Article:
EU Member States Sign Off on Short-Term Carbon Market Fix
EU member states signed off last week on a plan to withhold as many as 400 million carbon allowances from its Emissions Trading System (ETS) this year, in a move geared at propping up the bloc's struggling carbon market until a long-term solution can be found.
The Climate Change Committee's vote last Wednesday, where all 28 EU member states were represented, marked the final stage in a process that began well over a year ago, when the European Commission first submitted its so-called "backloading" proposal.
The regulation aims to address the overwhelming glut of carbon permits on the EU market, which has caused the prices of such allowances to plummet in recent years to an average of less than €5 per metric tonne - far below the ideal levels for fostering investment in renewable technologies and moving away from carbon-intensive energy sources.
According to the terms of the backloading regulation, 900 million allowances would be withheld from auction from the years 2014-2016. These would then be reintroduced in 2019 and 2020.
Exactly how many permits are withheld in 2014 will depend on the quarter in which the implementation of the proposal begins. For instance, 400 million allowances could be withdrawn this year if the implementation process is done by the end of March. If implementation starts between April-June, this number would fall to 300 million.
Uncertainty around the final timing hurdle has prompted divergent carbon market forecasts. Some estimates, including those compiled by Bloomberg New Energy Finance, suggest that backloading the permits could raise their price to an average of €7.5 this year. On the other hand, a survey by Reuters indicated that 10 analysts had lowered their forecasts for EU carbon permit prices in 2014 to a €5.35 average.
The Commission has asked that backloading begin as soon as possible, and is therefore urging the European Council and European Parliament to shorten the "scrutiny period" for the regulation - traditionally three months - in order for implementation to begin by late March.
The unveiling of the EU's highly-anticipated 2030 climate and energy framework - due out next Wednesday - is expected to intensify the debate over how to make the EU ETS, a key part of the bloc's climate strategy, sustainable in the long-term.
Critics and supporters of backloading both agree that postponing the auction of these permits is not enough to deal with the carbon market's failings, and officials have widely called for a deeper structural reform of the cap-and-trade scheme.
"While backloading will help stabilise the carbon market in the coming years, we must tackle the more structural challenges," EU Climate Commissioner Hedegaard said, promising that the Commission would address these questions in the 2030 proposal.
The EU's executive arm has also emphasised the importance of an ETS solution in order to avoid national tax-based policies and a fragmentation of the single market. An ETS emissions cap sets a reduction goal of 21 percent by 2020 compared with 2005 levels.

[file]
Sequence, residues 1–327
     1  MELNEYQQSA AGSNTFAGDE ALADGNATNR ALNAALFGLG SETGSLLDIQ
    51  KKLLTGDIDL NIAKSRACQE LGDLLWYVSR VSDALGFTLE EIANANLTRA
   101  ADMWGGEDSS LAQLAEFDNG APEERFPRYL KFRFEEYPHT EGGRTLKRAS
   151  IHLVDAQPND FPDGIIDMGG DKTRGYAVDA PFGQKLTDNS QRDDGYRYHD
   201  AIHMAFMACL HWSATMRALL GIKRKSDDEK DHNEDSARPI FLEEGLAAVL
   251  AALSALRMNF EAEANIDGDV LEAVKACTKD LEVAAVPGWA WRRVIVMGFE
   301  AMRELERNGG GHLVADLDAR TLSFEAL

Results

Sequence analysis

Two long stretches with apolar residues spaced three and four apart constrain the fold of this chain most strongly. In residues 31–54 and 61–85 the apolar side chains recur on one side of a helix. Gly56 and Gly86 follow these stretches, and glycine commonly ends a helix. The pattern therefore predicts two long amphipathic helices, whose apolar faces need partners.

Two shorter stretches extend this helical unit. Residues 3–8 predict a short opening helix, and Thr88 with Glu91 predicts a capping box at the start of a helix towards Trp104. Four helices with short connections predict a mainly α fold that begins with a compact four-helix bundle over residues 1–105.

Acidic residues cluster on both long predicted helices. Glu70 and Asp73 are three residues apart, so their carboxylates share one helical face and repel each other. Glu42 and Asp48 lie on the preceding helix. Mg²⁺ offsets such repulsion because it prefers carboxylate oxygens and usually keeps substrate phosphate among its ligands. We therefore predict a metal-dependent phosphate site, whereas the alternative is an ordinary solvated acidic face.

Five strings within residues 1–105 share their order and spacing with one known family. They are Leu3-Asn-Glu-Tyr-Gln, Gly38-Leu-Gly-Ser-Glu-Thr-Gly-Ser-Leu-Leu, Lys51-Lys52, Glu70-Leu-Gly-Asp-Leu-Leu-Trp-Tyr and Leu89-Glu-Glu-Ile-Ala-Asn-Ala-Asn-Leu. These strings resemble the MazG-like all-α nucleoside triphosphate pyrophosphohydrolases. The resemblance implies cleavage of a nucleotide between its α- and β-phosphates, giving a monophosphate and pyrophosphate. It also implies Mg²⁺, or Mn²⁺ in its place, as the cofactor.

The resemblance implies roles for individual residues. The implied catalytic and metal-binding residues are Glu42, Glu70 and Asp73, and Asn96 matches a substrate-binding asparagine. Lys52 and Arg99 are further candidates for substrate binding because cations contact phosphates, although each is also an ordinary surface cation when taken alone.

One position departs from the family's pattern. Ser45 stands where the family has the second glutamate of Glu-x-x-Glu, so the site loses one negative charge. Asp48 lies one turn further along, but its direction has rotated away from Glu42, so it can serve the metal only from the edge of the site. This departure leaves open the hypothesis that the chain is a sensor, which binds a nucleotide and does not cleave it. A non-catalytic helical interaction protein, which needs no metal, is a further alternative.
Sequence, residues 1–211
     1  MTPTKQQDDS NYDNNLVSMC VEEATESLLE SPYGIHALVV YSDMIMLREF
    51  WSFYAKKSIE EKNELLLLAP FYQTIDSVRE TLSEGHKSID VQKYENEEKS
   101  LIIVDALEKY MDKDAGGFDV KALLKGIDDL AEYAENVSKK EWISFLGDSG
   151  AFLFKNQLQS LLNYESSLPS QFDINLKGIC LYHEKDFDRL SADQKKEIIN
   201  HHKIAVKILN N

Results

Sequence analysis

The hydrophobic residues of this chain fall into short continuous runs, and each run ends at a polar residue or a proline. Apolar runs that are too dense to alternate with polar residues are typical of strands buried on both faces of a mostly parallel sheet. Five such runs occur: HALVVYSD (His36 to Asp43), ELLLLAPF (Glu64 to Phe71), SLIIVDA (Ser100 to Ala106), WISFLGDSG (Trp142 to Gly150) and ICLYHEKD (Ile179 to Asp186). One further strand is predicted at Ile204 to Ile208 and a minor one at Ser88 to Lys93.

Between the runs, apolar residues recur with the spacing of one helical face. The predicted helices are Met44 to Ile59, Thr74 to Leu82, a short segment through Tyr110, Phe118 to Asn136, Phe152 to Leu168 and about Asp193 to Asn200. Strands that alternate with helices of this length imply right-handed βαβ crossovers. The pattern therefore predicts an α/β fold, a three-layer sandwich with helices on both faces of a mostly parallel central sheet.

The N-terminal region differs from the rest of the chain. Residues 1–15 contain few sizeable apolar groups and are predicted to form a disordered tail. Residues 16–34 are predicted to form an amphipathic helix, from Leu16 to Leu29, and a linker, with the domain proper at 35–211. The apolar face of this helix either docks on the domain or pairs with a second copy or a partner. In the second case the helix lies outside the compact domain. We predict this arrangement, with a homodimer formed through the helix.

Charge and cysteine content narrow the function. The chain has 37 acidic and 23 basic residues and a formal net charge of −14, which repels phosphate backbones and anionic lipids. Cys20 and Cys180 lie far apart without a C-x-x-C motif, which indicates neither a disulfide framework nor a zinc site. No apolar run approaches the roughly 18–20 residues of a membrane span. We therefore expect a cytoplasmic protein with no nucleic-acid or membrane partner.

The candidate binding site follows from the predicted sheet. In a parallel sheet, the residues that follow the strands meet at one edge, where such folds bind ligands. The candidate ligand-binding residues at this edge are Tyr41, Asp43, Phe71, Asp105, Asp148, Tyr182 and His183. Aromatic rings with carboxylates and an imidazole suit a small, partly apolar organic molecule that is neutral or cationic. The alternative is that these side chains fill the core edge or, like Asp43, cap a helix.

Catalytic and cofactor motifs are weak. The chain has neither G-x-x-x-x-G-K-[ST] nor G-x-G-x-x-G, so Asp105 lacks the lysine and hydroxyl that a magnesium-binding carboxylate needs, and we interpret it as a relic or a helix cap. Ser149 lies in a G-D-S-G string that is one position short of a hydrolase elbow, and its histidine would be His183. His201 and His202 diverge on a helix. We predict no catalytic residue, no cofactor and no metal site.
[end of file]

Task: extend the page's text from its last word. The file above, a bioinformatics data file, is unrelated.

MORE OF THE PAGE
At the start of the public consultation on the 2030 framework last March, the Commission proposed a 40 percent greenhouse gas (GHG) reduction goal, in order to put the trading bloc on track towards slashing GHG emissions between 80-95 percent by 2050.
In a "Trends to 2050" report released over the end-of-year holidays, however, Commission research found that the bloc is only likely to reduce its emissions by a third in 2030, and by less than half in 2050.
The legislative process for establishing 2030 targets is expected to take at least a year. Speculation over what the Commission's recommendations for these targets might be has intensified in recent weeks, with the Financial Times reporting that EU commissioners have been considering a series of options, such as scrapping the renewables target, or seeking a compromise in making it non-binding.
Concerns over energy prices have played into the debate. European utilities last year called for a dramatic re-think of the bloc's energy policy, lobbying hard for reductions in renewables subsidies - a particularly sensitive topic at the EU level.
In a twist of events in late November, the Commission sent a draft letter to Berlin warning it would investigate the possibility that energy surcharge discounts offered to German industries such as cement, steel, and chemical plants may be a misuse of incentives and exemptions.
European industry as a whole has watched enviously this past year as the US shale gas boom cut costs for their trans-Atlantic rivals. Earlier this month, Reuters reported on a draft Commission paper which indicated that - despite paying two and four times as much for electricity and gas respectively - European industrial energy users have buffered these costs through energy efficiency. The paper nevertheless warned that EU-US price differentials may be cause for concern in the long-run.
ICTSD reporting; "EU considers scrapping 2030 binding renewables targets," FINANCIAL TIMES, 13 January 2014; "Analysts lower EU carbon price forecasts," REUTERS, 14 January 2014; "Pollution Costs to Rise as EU Backs Market Fix: Carbon & Climate," BLOOMBERG BUSINESSWEEK, 8 January 2014, "Brussels says energy-intensive industry is coping well despite US price gap," EURACTIV, 7 January 2014, "EU probes green charge exemptions for German industry," REUTERS, 18 December 2013.